Unlike dogs, cats often have a reputation for being independent and sometimes even aloof. But maybe that’s because we just don’t speak their language well. Don’t worry; science is now providing a way to build a good relationship with a cat. Just smile for a moment.
Of course, not in the way we all do this, but by narrowing your eyes and blinking slowly. That’s according to a new study by scientists at the University of Sussex in the United Kingdom. There has been mostly anecdotal evidence so far that hinted that by copying this cat’s smile, you can convey to be friendly. But now there is also scientific evidence.
The psychologists developed 2 experiments to test the hypothesis. In the first, they had some cat owners slowly blink their eyes at their cat(s). The interaction was monitored with cameras that recorded both the face of the person and the cat. As it turned out, cats were more likely to blink at their owner when they blinked compared to when they didn’t.
The second experiment did the same, but with strangers. The researchers saw that the cats not only blinked back at the unknown person when it blinked, but also approached their outstretched hand more quickly.
Something that was not the case with a person who just stared at them and reached out. “This study is the first to experimentally investigate the role of slow blinking in cat-human communication,” said researcher Karen McComb.
“And it is something you can try for yourself with your own cat at home, or with cats you meet on the street. It’s a great way to strengthen the bond you have with cats.”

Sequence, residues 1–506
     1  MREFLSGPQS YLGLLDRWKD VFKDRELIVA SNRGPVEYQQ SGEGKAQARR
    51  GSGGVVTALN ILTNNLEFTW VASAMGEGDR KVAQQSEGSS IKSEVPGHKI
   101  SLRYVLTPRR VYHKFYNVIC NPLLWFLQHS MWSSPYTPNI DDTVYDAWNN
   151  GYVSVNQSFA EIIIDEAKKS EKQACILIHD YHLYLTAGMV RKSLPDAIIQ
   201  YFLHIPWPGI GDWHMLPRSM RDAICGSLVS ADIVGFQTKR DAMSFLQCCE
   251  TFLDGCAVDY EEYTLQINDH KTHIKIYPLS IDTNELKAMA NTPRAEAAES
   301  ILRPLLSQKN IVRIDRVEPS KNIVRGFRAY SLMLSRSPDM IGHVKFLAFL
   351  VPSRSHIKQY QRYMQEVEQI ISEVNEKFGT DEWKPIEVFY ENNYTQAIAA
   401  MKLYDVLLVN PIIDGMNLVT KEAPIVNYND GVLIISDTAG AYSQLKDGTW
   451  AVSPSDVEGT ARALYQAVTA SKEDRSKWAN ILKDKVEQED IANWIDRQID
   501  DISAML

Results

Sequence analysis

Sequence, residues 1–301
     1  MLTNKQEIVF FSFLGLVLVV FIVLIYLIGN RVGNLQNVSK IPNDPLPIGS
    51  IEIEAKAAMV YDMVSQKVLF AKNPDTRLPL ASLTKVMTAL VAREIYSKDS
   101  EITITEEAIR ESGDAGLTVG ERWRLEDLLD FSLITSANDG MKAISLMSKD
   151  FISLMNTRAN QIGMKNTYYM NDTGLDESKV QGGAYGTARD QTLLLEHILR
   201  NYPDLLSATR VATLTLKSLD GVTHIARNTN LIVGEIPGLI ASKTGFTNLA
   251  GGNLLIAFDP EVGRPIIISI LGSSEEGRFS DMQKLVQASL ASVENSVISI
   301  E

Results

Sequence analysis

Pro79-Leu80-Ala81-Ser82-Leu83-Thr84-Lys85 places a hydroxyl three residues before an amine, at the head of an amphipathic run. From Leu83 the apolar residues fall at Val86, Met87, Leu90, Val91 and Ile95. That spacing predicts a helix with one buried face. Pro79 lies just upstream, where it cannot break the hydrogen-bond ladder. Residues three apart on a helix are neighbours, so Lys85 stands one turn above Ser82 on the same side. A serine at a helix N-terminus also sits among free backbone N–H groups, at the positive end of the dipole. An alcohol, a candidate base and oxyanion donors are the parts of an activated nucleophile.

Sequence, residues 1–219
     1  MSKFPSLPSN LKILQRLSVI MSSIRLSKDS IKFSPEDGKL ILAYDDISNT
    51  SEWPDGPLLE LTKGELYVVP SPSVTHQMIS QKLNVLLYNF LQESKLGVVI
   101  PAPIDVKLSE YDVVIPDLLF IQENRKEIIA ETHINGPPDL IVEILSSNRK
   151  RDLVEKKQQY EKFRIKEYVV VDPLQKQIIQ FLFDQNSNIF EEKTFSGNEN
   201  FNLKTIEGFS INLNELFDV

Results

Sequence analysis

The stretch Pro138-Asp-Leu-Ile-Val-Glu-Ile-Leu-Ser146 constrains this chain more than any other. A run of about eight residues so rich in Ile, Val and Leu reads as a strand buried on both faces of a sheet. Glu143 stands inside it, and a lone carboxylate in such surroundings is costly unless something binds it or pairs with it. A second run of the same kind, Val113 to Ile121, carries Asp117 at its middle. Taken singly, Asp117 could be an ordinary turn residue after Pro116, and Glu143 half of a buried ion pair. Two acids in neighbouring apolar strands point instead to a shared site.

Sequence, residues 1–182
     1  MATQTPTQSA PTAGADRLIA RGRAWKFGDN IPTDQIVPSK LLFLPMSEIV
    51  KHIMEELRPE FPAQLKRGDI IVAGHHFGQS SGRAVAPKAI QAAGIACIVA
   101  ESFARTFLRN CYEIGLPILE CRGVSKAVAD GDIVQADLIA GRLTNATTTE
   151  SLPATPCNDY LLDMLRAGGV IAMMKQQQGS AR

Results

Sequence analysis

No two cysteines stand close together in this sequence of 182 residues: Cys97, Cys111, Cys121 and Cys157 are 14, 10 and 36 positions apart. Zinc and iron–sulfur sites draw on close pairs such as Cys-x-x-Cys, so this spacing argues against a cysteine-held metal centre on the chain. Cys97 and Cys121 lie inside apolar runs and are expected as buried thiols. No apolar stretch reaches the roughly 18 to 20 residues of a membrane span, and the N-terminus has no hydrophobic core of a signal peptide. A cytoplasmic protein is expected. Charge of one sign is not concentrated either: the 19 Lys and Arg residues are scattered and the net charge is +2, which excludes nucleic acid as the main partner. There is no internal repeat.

How do you best do that, according to the scientists? “Try to narrow your eyes as you would in a relaxed atmosphere. And then close them for a few seconds. You will notice that they will respond in the same way.”
This news will no doubt come as no surprise to the feline lovers among us. Studies have shown that cats seem more attuned to their roommates in recent years than we previously thought. Why cats blink slowly is not yet known.
It is believed to signal good intentions as cats interpret continuous staring as threatening. But it is equally possible that cats developed the expression because humans respond positively to it. It is not always easy to distinguish between domesticated animals.
“Understanding the positive ways in which cats and humans interact will not only increase our knowledge about cats but also improve the well-being of cats and tell us more about the social cognitive abilities of this under-studied species.”
So the next time you see someone on the street blink at a cat, now you know why. Or who knows, you might be that person.